Published!

There are no words to describe the immense joy I feel about appearing in the My Real Garden book, alongside its creators Ann-Marie Powell and Tamsin Westhorpe, and the rest of the contributors in our My Real Garden community.

Writing a book is tough enough, but when you factor in the pressure of having to crowdfund the publishing costs, collating contributions and an impossibly tight deadline, it’s a miracle that we have it in our hands at all!

I have nothing but pride and admiration for what our community have achieved, together, for Greenfingers Charity. It’s a beautiful memento of a life-affirming year, and I am just so privileged to be bound together with you all.

When I began creating my garden, I never imagined that it would be leading a chapter on Tropical Retreats and the close connections it would bring me, be that on Instagram or the gardening community as a whole.

In these pages I take you on a journey through my garden and discuss my love of lush, architectural foliage, planting for pollinators, my passion for ponds and healthy, happy hedgehogs. I even share my tips for growing space-saving vegetables.

Compassion for my community shines through, be that my love for Leasowes Walled Garden or how a pandemic inspired the Plant a Thought project, launched to coincide with Mental Health Awareness Week.

I am now part of a philanthropic phenomenon, where kindness is king and people in the community send you handmade bunting to help you celebrate this special occasion. WE DID IT!

The book will be exclusively launched through British Garden Centres Group. Retail outlet details can be found on http://britishgardencentres.com. It will go on general release through Amazon from 1st April 2021.

Your purchase will support Greenfingers – the wonderful UK charity that funds magical gardens in children’s hospices, giving life-limited children and their families precious time together.

When a gardener needs to self-isolate!

So, it’s Day #4 of self-isolation and although it’s getting boring, and I’m not feeling my best, I know I’m one of the lucky ones.

I picked this cold frame up from a supermarket, the night before I decided to quarantine myself, and just enough supplies to get me through the week ahead, but have only just felt like building it. Flat pack can be a faff, as I’m not the best at following instructions, and I don’t have the patience of a saint, but somewhere inside me I found the stamina to put the pieces together, and that got me thinking…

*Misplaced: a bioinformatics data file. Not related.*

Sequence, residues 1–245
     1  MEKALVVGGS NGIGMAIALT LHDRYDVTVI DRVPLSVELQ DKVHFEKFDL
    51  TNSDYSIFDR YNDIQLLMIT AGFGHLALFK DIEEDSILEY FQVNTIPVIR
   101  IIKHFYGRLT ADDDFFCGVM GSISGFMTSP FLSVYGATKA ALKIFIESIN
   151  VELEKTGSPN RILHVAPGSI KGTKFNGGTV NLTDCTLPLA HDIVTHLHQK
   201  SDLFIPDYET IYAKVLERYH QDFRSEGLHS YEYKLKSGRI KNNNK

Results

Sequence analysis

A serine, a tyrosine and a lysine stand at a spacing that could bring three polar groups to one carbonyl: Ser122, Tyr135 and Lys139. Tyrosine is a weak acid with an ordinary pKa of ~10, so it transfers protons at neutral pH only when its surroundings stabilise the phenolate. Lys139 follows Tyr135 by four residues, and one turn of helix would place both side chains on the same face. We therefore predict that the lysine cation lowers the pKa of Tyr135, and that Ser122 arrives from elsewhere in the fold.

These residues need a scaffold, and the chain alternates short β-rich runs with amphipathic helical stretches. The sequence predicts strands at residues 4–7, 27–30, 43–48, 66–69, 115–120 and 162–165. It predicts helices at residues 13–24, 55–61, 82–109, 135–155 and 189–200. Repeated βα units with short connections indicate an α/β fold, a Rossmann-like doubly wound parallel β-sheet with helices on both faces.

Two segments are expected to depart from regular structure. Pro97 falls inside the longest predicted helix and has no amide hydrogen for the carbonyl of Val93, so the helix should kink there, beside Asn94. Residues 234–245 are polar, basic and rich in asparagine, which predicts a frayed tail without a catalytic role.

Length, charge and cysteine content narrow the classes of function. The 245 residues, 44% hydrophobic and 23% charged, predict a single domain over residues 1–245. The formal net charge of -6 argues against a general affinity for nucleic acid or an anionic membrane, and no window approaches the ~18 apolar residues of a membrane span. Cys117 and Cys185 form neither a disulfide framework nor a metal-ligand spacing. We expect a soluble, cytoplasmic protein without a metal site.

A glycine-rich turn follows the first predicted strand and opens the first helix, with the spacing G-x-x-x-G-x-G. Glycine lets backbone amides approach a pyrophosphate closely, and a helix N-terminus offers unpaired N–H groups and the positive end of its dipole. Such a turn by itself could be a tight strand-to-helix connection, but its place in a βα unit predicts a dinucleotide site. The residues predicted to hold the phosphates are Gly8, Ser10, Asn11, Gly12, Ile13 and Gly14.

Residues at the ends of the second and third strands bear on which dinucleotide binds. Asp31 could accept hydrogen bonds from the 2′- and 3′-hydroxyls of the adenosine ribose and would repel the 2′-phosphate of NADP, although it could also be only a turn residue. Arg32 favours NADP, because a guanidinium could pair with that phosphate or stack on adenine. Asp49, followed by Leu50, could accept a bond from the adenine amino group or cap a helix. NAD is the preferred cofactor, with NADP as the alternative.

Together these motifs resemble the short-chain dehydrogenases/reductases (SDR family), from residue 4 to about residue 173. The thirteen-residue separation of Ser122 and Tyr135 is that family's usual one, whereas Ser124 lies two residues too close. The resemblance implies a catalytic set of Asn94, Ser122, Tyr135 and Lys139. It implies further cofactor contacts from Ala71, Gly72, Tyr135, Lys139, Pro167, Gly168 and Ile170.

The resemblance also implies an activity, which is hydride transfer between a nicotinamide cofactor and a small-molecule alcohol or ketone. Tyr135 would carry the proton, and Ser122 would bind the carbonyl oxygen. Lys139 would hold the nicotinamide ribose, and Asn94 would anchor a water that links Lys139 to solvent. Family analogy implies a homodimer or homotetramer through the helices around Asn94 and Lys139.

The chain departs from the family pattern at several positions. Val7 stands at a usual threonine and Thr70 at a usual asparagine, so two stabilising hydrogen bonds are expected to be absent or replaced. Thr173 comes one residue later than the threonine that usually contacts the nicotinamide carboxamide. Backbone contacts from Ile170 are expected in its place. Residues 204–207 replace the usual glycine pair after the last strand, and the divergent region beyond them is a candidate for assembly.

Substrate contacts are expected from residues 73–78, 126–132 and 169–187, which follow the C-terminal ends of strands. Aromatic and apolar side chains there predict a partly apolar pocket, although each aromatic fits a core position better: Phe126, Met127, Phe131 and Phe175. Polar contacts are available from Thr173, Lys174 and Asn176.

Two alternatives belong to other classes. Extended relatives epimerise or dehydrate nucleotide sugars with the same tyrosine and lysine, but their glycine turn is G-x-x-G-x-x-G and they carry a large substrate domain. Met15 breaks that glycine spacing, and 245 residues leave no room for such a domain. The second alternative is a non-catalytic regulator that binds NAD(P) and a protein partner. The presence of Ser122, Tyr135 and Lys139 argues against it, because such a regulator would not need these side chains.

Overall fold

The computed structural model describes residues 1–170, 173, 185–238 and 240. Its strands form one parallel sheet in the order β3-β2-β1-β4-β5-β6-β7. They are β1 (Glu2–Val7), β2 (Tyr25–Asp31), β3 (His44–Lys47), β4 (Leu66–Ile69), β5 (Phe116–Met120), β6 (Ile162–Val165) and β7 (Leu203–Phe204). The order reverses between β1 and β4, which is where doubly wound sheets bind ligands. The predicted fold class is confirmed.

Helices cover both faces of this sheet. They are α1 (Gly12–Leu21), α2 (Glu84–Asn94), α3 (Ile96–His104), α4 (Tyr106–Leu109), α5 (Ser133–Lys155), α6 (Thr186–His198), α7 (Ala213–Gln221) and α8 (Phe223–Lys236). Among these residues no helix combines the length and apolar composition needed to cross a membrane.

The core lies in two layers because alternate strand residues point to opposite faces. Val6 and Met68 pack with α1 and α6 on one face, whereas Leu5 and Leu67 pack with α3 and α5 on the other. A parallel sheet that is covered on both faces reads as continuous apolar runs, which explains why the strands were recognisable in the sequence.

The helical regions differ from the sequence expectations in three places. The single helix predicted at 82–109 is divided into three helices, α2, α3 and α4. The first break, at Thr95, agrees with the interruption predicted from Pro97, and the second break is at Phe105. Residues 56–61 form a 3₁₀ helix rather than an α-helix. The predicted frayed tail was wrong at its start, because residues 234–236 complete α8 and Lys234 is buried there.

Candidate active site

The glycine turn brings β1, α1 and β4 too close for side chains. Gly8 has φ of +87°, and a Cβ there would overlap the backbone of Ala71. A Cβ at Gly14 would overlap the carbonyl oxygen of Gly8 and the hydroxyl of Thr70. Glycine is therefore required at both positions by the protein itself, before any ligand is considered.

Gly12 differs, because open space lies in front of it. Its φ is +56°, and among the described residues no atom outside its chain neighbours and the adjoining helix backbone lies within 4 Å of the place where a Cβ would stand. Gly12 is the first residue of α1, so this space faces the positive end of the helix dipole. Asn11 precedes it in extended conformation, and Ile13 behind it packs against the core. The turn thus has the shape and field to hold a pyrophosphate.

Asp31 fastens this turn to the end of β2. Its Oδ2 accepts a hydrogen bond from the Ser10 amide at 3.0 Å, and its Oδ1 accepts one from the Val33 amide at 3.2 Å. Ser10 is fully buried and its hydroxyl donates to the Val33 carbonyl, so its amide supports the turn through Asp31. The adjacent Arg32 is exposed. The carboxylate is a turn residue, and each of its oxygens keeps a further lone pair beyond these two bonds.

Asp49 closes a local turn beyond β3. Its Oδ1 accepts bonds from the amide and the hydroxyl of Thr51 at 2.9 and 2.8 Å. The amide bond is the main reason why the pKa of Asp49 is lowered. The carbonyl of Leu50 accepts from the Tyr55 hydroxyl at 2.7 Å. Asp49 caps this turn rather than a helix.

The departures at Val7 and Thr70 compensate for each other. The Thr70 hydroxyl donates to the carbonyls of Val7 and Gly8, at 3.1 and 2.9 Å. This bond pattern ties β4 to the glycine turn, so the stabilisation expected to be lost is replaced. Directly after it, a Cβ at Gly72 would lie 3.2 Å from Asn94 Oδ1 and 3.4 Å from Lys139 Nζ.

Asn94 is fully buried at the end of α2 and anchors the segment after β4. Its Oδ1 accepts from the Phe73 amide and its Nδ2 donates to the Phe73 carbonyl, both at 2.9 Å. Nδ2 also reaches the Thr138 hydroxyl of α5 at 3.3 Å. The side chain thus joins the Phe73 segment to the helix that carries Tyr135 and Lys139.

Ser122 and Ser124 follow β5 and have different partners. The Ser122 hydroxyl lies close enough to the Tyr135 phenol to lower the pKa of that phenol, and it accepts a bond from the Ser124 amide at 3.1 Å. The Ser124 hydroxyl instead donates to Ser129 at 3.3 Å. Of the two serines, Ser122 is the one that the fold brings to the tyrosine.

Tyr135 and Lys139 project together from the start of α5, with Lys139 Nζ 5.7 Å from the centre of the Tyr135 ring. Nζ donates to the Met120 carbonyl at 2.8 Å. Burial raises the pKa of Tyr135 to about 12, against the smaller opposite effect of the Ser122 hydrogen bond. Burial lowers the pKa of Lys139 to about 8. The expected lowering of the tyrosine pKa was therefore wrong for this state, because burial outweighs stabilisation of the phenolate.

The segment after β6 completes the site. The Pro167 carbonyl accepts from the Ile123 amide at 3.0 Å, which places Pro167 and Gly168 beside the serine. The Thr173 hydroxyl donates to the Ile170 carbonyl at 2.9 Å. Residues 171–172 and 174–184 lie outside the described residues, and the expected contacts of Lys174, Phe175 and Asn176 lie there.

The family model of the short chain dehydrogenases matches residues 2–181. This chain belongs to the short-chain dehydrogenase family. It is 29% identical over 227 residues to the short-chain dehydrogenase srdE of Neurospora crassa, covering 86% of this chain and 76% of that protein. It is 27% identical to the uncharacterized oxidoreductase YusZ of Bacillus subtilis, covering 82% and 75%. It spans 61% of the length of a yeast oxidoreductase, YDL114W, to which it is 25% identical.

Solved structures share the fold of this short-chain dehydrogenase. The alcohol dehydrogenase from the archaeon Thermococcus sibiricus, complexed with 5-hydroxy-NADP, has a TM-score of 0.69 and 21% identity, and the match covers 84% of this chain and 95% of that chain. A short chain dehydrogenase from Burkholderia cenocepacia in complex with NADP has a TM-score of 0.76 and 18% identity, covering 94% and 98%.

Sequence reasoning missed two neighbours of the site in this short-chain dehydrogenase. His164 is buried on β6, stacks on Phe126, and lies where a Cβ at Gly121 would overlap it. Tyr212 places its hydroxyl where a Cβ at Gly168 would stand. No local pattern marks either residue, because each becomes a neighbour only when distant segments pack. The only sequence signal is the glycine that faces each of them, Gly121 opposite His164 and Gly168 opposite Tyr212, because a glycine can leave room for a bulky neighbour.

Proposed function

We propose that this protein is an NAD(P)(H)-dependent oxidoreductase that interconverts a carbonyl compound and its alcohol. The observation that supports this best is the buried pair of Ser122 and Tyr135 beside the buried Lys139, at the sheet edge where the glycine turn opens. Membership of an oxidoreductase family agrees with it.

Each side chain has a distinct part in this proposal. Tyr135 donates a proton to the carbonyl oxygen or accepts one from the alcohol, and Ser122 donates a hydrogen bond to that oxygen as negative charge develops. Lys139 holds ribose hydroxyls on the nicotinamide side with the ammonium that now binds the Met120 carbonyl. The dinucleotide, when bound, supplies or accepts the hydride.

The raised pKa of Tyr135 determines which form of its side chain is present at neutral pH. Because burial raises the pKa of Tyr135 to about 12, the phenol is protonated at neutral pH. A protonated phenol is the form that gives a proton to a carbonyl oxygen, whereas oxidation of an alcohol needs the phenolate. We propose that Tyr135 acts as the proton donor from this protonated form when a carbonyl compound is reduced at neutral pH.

A lot of people would already have been feeling isolated and fragile before Covid-19 descended on them, and the panic-buying ensued, potentially making one of their only sociable situations seem more solitary and hostile as they left the store empty-handed and full of fear. Age is no barrier to loneliness, but mobility and confidence does make contact more accessible.

Empty shelves, however, is everyone’s problem and when, suddenly, the things you took for granted disappear, spare a thought for those less fortunate and less able to fend for themselves, and consider ways in which you can make them feel less alone and this societal disease disappear. There has to be a positive to this negative, and you can be a part of that solution. Be kind.

Growing pains for growing gains

Lilium Acapulco

My pond is fast disappearing under a mass of foliage and duckweed. Even Buddha is beginning to berate me for his dwindling vista.

Neglect is neglect, but before you scold yourself for falling short of your self-imposed perfection, it’s worth remembering the bigger picture and that sometimes we have to take several steps back before moving forward, unabated, minus the nagging voice in your head.

The garden is thriving, in the main, thanks to my dedication during the drought, and a lot of encouragement from the foliage fraternity, who keep me inspired and in good company. So, while I reflect on the diverse plant life, which takes us somewhere between success and failure, I’m reminded that your last mistake is your best lesson.

Perfection is intolerant of mistakes and incapable of accepting flaws, but diversity is the result of flaws that have learnt to adapt into myriad forms. Thank heavens for imperfection!